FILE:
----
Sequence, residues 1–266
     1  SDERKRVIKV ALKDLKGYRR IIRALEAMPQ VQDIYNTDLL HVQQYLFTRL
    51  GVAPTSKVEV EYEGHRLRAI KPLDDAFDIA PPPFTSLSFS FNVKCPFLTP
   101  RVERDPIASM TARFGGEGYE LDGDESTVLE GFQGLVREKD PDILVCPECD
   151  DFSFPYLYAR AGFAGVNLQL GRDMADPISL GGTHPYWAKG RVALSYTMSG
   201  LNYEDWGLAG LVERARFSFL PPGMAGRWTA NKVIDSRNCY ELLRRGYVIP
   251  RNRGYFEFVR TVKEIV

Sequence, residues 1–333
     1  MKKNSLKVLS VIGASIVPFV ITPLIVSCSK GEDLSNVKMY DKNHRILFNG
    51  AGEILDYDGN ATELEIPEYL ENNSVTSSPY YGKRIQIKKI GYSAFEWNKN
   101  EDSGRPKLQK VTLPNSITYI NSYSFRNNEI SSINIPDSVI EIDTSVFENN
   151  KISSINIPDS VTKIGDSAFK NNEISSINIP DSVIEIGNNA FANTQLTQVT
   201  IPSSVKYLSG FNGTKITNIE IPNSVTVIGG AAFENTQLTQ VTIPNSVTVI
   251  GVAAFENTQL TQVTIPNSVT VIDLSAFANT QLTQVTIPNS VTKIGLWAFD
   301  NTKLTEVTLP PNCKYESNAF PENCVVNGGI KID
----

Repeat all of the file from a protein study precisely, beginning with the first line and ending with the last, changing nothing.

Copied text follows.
Sequence, residues 1–266
     1  SDERKRVIKV ALKDLKGYRR IIRALEAMPQ VQDIYNTDLL HVQQYLFTRL
    51  GVAPTSKVEV EYEGHRLRAI KPLDDAFDIA PPPFTSLSFS FNVKCPFLTP
   101  RVERDPIASM TARFGGEGYE LDGDESTVLE GFQGLVREKD PDILVCPECD
   151  DFSFPYLYAR AGFAGVNLQL GRDMADPISL GGTHPYWAKG RVALSYTMSG
   201  LNYEDWGLAG LVERARFSFL PPGMAGRWTA NKVIDSRNCY ELLRRGYVIP
   251  RNRGYFEFVR TVKEIV

Sequence, residues 1–333
     1  MKKNSLKVLS VIGASIVPFV ITPLIVSCSK GEDLSNVKMY DKNHRILFNG
    51  AGEILDYDGN ATELEIPEYL ENNSVTSSPY YGKRIQIKKI GYSAFEWNKN
   101  EDSGRPKLQK VTLPNSITYI NSYSFRNNEI SSINIPDSVI EIDTSVFENN
   151  KISSINIPDS VTKIGDSAFK NNEISSINIP DSVIEIGNNA FANTQLTQVT
   201  IPSSVKYLSG FNGTKITNIE IPNSVTVIGG AAFENTQLTQ VTIPNSVTVI
   251  GVAAFENTQL TQVTIPNSVT VIDLSAFANT QLTQVTIPNS VTKIGLWAFD
   301  NTKLTEVTLP PNCKYESNAF PENCVVNGGI KID